Teach Yourself Japanese
Subject: colors (was Re: adjective help!)
Date: Sat, 03 Jan 2004 08:21:01 GMT
References: 1, 2
> The whole midori thing is a weird historical anomaly of grammar. For some reason, green is considered a noun in Japanese. More typical are red (akai) and blue (aoi). Those are both i-type adjectives or (and this probably is the wrong term) adjectival verbs.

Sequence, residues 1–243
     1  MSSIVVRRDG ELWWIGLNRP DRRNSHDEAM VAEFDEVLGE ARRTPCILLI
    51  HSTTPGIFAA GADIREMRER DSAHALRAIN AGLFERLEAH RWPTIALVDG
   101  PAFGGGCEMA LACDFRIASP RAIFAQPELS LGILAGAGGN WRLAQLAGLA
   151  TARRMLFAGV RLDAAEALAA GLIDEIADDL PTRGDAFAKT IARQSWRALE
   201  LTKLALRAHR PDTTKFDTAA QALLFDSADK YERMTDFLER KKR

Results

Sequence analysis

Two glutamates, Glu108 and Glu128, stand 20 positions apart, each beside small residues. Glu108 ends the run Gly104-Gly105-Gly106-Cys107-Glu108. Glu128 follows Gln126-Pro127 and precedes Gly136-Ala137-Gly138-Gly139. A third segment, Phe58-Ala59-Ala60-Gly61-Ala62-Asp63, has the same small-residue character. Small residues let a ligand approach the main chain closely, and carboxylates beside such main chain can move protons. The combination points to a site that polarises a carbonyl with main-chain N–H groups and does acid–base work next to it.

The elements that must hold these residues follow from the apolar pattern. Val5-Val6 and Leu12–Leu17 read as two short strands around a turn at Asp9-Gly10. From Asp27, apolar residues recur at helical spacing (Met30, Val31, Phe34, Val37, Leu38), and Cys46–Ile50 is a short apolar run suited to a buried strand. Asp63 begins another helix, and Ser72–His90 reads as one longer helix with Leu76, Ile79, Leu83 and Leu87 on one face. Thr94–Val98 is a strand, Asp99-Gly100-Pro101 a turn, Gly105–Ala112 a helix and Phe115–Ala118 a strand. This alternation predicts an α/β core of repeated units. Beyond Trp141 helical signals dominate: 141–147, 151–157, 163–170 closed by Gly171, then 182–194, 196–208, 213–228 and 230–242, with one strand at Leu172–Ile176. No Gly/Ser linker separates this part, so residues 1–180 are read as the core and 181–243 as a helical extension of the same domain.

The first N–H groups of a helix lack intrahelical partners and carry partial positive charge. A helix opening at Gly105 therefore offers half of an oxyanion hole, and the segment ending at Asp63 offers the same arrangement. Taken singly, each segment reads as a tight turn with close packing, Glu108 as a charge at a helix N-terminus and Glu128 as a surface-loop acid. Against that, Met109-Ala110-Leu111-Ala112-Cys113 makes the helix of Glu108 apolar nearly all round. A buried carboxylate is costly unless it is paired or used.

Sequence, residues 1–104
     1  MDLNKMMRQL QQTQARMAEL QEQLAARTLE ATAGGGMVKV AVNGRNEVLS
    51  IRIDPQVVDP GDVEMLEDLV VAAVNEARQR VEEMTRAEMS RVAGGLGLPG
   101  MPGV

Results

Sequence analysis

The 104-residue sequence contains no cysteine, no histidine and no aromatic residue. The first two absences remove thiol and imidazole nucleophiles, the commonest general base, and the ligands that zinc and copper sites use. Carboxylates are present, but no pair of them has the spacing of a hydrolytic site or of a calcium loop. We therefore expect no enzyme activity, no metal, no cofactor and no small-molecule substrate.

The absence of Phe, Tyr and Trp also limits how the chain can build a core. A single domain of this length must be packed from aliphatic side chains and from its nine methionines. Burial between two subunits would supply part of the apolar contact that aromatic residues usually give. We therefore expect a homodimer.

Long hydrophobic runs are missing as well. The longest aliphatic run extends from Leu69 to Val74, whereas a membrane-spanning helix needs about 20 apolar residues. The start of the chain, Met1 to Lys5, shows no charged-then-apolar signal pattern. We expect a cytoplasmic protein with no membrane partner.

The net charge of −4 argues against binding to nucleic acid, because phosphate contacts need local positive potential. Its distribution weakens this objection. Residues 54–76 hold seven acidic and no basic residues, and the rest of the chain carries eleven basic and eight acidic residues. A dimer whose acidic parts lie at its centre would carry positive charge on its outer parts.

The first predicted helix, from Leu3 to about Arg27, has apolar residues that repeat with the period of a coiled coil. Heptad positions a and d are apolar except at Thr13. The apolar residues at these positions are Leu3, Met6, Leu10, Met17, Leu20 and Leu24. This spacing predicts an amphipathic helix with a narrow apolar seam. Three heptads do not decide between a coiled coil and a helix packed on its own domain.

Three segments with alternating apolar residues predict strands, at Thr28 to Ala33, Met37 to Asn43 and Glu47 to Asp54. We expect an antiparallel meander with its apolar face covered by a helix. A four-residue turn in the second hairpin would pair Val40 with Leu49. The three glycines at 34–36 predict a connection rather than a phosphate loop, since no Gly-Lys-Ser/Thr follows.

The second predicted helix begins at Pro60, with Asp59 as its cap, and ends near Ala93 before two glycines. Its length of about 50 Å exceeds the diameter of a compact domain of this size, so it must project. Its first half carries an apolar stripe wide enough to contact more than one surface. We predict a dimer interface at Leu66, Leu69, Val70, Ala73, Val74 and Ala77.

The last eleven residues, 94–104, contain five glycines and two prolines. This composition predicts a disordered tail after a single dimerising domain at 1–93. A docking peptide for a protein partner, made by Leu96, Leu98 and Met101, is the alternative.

It has been noted (see Color Appearance and the Emergence and Evolution of Basic Color Lexicons by Paul Kay and Luisa Maffi for an intro) that some colors are more "basic" than others. You can see this readily in Japanese. First, there are the basic non-colors white and black, both adjectives in Japanese. Then there is red and blue, again, both adjectives. However, there are no more (monomorphemic) color adjectives. But, (according to psycholinguistic research), green and yellow are also basic colors. Interestingly, in Japanese you can say ki-iro-i. This does include the morpheme iro, which means color. But, you cannot say *murasaki-iro-i or *midori-iro-i. Additionally, the number of languages that words like aoi which don't correspond nicely to (what most English-speakers would call) green and blue would seem to be significant. You can also look at word etymologies - kuro/shiro/ao/aka are not derived from, say, a plant that exhibits that color, whereas murasaki and daidai are. Same with English orange, purple, and crimson.
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